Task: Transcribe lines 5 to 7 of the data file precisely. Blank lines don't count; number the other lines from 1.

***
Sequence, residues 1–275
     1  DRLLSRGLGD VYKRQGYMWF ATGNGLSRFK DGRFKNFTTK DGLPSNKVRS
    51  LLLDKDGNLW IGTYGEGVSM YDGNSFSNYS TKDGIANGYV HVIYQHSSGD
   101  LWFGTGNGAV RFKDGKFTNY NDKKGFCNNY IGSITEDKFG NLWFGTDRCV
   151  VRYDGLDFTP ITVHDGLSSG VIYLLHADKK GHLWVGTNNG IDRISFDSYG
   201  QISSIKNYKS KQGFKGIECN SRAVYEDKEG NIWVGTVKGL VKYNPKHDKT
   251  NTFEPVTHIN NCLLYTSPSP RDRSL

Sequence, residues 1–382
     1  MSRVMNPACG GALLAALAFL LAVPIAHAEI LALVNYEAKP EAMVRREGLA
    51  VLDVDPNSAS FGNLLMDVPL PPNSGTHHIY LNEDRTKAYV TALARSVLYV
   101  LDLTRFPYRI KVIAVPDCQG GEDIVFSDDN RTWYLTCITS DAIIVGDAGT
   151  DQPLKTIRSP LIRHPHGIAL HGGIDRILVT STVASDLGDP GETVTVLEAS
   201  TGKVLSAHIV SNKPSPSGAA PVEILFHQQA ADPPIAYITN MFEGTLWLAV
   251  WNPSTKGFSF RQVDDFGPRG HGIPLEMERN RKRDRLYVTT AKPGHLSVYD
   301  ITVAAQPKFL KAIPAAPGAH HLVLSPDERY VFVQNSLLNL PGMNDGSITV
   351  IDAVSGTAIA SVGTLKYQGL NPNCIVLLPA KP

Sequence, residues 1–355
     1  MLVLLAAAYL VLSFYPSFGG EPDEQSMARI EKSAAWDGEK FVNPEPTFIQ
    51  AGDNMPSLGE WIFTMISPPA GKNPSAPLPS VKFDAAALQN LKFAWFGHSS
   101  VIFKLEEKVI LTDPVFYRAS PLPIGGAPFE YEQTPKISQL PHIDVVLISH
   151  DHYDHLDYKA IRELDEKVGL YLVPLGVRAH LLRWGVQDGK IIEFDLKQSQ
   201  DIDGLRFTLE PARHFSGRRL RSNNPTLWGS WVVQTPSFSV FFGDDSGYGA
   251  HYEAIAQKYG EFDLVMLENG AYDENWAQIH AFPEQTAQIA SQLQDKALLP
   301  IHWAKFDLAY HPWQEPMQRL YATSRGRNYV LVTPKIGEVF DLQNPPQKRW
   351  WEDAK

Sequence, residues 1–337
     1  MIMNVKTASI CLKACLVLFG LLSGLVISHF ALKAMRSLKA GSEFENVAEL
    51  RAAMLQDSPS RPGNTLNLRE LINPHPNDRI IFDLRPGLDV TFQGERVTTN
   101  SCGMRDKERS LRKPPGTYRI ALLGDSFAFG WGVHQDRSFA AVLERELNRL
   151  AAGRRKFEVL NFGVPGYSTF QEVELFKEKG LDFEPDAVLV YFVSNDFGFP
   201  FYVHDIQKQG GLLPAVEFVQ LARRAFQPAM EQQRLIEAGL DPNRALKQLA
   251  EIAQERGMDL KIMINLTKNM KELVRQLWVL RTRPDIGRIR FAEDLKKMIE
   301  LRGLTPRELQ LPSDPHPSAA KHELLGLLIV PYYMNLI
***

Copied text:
   151  VRYDGLDFTP ITVHDGLSSG VIYLLHADKK GHLWVGTNNG IDRISFDSYG
   201  QISSIKNYKS KQGFKGIECN SRAVYEDKEG NIWVGTVKGL VKYNPKHDKT
   251  NTFEPVTHIN NCLLYTSPSP RDRSL